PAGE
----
What is Personalisation

Personalisation or ‘personal budgets’ is a Government led national policy to ensure everyone who uses support should have the choice and control to shape their own lives and the services they receive.

The system puts the individual at the centre of the process and allows them to choose the service providers they use and the manner in which they receive support. The aim is to make services more personal and tailored to individuals needs.

For a more in depth look at Personalisation there are some elearning resources available covering what personalisation means and where it comes from. Covering legislation, policy and theory influencing the personalisation agenda. And a second resource looking at Putting personalisation into practice – Service user and practitioner’s perceptions of personalisation – Supporting an individual through the personalisation process. These resources can be accessed by clicking on this link – elearning personalisation resources.

A brief overview of Personalisation is given below.

People are now able to self-direct their care or support in a number of different ways:

A personal budget

A personal budget is money that is available to someone who needs support. The money comes from their local authority services.

The person controlling the budget (or their representative) must:

  • know how much money that they have for their support
  • be able to spend the money in ways and at times that make sense to them
  • know what outcomes must be achieved with the money.

An individual budget

An individual budget is money for support that could come from several places – including social services, the Independent Living Fund and Supporting People.

A direct payment

A direct payment is money that is paid directly to you so you can arrange your own support.

A personal health budget

Personal health budgets are relatively new and the Department of Health is still in the process of piloting them.

A personal health budget is an allocation of resources made to a person with an established health need (or their immediate representative).

Step 1: Your money – finding out how much

The first thing to do is to find out if you can get money for your support – and how much. The money you get to spend on your support is called your personal budget or individual budget.

To find out how much money you can get, you have to fill in a self-assessment form. Ask social services at the council if they have a form. If you need help to fill it in, ask someone who knows you well.

You have to show the form to a care manager or social worker.

Step 2: Making your support plan

The second thing is to make a plan about how you’ll use the money to get the life you want. You can do the plan yourself, or you can get help.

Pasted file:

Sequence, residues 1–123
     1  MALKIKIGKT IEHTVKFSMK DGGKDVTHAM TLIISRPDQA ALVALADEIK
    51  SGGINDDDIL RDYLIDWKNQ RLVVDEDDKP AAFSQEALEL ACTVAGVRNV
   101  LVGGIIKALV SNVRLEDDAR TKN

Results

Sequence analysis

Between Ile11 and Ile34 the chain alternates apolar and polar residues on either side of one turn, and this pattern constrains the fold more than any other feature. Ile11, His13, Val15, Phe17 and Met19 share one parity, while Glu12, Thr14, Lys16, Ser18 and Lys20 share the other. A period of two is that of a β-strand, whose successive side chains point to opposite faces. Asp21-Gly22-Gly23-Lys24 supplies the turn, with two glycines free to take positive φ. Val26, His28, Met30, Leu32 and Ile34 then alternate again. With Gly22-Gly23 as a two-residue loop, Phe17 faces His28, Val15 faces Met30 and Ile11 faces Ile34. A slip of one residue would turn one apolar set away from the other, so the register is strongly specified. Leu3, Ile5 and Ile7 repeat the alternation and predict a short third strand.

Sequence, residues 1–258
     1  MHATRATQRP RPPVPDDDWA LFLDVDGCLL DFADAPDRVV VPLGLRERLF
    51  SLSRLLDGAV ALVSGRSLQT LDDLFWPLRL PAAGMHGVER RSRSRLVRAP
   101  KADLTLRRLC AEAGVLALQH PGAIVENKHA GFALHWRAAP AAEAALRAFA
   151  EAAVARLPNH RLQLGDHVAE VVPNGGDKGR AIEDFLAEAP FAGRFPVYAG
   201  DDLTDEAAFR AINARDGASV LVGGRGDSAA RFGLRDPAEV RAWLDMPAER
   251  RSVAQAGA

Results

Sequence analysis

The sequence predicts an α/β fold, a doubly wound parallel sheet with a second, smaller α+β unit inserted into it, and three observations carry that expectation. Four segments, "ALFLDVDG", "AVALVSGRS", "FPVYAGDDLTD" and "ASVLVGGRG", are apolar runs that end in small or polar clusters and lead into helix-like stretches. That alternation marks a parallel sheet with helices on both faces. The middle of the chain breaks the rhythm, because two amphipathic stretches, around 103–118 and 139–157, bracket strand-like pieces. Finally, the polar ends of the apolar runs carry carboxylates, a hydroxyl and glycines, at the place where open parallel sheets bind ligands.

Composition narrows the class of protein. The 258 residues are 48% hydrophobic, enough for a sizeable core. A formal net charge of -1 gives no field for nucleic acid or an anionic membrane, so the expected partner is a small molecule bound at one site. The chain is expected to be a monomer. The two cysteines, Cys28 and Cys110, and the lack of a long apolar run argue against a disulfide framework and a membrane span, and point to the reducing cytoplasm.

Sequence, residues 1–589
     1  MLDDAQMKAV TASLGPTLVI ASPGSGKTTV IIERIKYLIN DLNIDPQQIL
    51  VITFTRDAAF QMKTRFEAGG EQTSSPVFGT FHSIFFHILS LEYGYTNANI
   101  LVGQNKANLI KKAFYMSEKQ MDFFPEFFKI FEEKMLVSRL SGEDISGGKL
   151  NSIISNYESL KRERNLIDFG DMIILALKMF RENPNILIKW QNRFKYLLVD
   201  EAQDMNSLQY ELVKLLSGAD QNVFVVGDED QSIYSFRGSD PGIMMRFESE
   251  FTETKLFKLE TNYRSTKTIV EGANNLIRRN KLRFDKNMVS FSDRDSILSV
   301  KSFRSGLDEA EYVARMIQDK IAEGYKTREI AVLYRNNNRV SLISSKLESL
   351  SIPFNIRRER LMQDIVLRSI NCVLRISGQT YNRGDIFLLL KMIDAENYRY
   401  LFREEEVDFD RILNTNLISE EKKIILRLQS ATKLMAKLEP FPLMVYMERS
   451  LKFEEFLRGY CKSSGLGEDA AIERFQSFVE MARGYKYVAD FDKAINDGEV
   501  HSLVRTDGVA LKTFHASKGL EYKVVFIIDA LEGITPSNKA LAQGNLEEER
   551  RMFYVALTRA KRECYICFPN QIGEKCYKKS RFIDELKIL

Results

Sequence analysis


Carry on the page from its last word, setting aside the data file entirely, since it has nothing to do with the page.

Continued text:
When you make your plan, think about:

  • what works and doesn’t work in your life at the moment
  • what is important to you and what you want to do
  • what support you want
  • ideas about how to make these things happen

Help to make your plan

You can get help from:

  • a friend
  • someone in your family
  • a broker: a broker is someone who you pay to help plan and sort out your support
  • your care manager
  • a social worker
  • someone who supports you now

Step 3: Getting your plan agreed

A social worker at the council has to approve your plan.

Your personal budget is the money you get for support.

Your plan must answer these questions:

  1. What is important to you?
  2. What do you want to change?
  3. How will you spend your money?
  4. How will you manage your support?
  5. How will you stay in control?
  6. What will you do next?

Step 4: Organising your money

You can organise your support in a way that suits you. You can get help to find and organise support.

There are two ways to look after the money:

  1. you can get the money yourself as a direct payment
  2. you can choose someone to look after the money for you

You can even do a bit of both.

The Mental Capacity Act says that some people need a Deputy or an Attorney. You can find out more about these from the Office of the Public Guardian: 0845 330 2900.

Step 5: Organising your support

You can organise your support in a way that suits you. You can get help to find and organise support.

You can choose how much help you get to sort out your support. People who can help are:

  • a friend or someone in your family
  • a broker – someone you pay to help you
  • a Trust – a group of people who the law says can look after your money for you
  • a Deputy or Attorney (under the Mental Capacity Act)
  • a service provider or organisation (a group of people who run services) that will look after your money
  • your social worker

Step 6: Living your life

You can use services but you can also spend your money on people who you know – or even buy things that will help you in your life.

There are things most people want in life – things like:

  • a nice place to live
  • feeling safe
  • having fun in your spare time
  • a job or something interesting to do in the day
  • being part of your community
  • friends
  • having a holiday

If you have a personal budget you can use it to get the life you want.

Step 7: Seeing how it worked

You have to show that you have used the money properly.

Your social worker needs to know how your plan is working and how you are spending the money.

Also, you can help other people organise their support: tell them what worked and what didn’t work for you.